They say dips are for buying, and that’s the approach being taken by one NASDAQ listed software firm. Its CEO, Michael Saylor, tweeted that MicroStrategy just spent $10 million to acquire 314 additional Bitcoin.
The Form 8-K filing with the Securities and Exchange Commission (SEC) confirms this latest purchase. It also details a summary of the company’s aggregate Bitcoin position.
Based on this information, MicroStrategy is currently $1.2 billion in profit, or about +104% ROI.
“As of January 22, 2021, the Company holds approximately 70,784 bitcoins that were acquired at an aggregate purchase price of $1.135 billion and an average purchase price of approximately $16,035 per bitcoin, inclusive of fees and expense.
MicroStrategy has become something of a beacon for institutional Bitcoin adoption. Since September last year, the firm has been buying BTC as an inflationary hedge.
Bitcoin FUD spooks the market
The past 24-hours or so have seen the bears running riot. Huge sell pressure tanked the Bitcoin price to as low as $28.6k. But a bounce at this level in the early hours renewed hopes for recovery.
Observers have blamed the dip on several events that have occurred this week. But perhaps most prominent is the double-spend Bitcoin FUD that has been doing the rounds.
As the name suggests, double-spending refers to a potential issue where two recipients can spend the same funds. This calls into question the validity and security of the blockchain.
It started mid-week when BitMEX Research tweeted the discovery of an apparent small double spend.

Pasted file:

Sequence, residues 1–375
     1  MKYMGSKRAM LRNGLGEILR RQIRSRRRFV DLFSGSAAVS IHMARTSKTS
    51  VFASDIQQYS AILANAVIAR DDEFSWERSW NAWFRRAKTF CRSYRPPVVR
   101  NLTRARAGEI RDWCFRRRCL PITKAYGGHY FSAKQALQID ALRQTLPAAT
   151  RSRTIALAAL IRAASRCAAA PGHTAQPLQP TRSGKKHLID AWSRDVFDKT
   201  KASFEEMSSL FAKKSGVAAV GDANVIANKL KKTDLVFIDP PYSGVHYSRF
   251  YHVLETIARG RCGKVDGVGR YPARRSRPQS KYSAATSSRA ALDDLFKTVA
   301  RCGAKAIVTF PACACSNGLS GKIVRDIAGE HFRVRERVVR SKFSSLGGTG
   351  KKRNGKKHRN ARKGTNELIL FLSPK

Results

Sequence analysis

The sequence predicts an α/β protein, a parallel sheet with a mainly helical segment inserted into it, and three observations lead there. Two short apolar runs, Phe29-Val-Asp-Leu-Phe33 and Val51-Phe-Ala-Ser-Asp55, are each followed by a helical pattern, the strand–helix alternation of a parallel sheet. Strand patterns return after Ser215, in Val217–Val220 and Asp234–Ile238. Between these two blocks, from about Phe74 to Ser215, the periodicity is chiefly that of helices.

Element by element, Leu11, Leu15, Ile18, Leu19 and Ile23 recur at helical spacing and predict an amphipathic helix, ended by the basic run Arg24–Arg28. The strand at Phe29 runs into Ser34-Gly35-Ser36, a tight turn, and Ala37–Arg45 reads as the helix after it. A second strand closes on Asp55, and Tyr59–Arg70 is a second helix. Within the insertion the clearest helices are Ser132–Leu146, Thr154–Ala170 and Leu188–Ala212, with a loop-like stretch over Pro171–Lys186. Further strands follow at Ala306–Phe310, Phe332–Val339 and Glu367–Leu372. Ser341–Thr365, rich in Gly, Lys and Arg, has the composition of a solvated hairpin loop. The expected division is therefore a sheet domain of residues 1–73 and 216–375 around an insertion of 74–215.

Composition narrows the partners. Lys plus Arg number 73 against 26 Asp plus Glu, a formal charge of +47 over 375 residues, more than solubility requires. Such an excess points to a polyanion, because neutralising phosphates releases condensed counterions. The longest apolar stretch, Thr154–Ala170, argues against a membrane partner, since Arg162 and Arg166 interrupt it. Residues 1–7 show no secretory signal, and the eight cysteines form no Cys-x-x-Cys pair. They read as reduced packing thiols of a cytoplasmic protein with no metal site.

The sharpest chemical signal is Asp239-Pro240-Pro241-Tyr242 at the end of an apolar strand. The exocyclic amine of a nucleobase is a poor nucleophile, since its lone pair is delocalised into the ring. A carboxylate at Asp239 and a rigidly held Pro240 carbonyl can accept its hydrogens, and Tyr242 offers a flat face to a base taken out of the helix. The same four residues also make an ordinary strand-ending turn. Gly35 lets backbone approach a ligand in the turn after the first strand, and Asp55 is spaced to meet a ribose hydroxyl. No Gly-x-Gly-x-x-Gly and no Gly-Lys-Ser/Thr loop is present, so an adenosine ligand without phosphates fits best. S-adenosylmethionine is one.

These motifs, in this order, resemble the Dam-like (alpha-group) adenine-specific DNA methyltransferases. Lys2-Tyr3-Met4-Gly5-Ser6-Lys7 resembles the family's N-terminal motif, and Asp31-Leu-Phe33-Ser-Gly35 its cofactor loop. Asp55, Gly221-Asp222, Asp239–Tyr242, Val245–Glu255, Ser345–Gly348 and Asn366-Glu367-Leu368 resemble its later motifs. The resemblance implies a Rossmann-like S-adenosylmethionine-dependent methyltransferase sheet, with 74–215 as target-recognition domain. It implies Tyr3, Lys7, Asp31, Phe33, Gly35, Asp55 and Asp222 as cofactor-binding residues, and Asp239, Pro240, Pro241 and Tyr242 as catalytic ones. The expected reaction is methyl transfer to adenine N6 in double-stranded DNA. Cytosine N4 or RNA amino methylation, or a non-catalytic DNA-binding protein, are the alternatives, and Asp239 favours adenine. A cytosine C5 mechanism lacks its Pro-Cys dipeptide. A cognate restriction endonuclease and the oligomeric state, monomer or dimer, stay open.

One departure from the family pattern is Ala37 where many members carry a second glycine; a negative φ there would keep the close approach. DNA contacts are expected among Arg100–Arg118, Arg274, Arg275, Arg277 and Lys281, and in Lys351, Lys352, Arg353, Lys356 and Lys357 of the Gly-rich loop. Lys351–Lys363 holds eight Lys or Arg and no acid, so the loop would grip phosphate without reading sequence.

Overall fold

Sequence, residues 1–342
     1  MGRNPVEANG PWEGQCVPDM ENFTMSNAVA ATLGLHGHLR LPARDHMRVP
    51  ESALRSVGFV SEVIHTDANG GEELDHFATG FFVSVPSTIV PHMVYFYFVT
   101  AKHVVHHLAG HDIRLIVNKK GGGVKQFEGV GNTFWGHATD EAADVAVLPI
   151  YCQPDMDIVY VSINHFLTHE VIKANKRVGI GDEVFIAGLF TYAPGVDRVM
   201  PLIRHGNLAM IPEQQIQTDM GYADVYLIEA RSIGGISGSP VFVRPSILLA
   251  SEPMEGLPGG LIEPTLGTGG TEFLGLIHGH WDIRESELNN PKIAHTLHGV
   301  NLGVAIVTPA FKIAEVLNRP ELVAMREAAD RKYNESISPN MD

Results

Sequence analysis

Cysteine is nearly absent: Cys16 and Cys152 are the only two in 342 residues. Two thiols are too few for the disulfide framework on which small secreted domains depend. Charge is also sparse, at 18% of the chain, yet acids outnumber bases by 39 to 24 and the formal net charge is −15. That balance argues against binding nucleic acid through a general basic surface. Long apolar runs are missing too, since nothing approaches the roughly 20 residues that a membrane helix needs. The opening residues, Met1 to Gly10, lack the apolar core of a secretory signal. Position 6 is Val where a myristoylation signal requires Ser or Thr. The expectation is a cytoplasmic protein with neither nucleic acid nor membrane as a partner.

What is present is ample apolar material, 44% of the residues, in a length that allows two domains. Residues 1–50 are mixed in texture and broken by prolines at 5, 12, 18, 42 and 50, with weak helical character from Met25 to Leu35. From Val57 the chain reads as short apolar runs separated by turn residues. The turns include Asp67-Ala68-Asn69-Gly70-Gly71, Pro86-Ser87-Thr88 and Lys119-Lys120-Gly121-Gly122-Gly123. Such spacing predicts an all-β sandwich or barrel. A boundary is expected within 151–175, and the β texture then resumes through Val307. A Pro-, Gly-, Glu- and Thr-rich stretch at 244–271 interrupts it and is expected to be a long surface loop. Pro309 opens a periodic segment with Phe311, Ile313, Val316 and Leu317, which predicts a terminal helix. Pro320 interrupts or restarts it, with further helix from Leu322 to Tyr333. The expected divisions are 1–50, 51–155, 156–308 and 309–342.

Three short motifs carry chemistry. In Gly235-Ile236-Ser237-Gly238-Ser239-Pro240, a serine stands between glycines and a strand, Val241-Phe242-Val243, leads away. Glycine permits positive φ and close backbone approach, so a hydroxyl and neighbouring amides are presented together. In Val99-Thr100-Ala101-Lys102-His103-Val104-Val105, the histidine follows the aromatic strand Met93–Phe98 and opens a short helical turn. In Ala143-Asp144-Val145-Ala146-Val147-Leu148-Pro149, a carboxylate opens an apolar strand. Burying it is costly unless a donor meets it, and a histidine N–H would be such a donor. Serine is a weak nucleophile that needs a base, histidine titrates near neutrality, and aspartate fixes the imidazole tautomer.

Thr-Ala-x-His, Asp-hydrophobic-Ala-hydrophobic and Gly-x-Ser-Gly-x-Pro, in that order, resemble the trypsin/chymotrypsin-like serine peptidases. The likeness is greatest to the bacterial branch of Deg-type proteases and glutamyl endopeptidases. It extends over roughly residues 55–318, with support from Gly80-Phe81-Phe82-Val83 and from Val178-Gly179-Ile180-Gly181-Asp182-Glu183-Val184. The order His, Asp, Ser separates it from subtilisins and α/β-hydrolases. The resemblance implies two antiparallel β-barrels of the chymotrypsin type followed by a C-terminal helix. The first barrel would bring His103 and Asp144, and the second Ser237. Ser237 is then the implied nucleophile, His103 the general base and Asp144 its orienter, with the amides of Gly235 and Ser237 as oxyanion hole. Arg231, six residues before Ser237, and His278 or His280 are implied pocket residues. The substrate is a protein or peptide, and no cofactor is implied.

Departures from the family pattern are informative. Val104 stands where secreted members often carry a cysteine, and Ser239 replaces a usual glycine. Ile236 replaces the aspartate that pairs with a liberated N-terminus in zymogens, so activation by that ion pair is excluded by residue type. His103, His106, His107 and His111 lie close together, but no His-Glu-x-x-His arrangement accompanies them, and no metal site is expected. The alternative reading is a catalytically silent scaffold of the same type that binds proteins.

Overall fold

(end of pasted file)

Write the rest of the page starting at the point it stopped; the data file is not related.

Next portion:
“There was a stale Bitcoin block today, at height 666,833. SlushPool has beaten F2Pool in a race. It appears as if a small double spend of around 0.00062063 BTC ($21) was detected.”
Following that, several outlets began fanning the flames of FUD. Descriptors such as “critical flaw” or “dire scenario” did little to help the cause, resulting in a Twitter meltdown.
The double-spend that never was
Since then, further investigations have revealed there was no double-spend. BitMEX Research later tweeted that this was a replace-by-fee (RBF) transaction.
What happened was someone sent 0.00062063 BTC, but had set the lowest fee possible. As the fee was so low, the transaction was taking a long time to confirm. To speed up the process, the sender then tried to front-run the original transaction with an RBF. However, by this time, the network had already confirmed the original transaction.
Bitfinex CTO Paolo Ardoino explained the issue as a momentary blip during chain re-organization. But there was no security flaw as the front-run RBF transaction died with the losing chain.
“In fact, what happened is that two blocks were mined simultaneously. As a consequence, there was a chain reorganization, which did not result in double-spending.”
Taking this into account, the entire issue was completely overblown.
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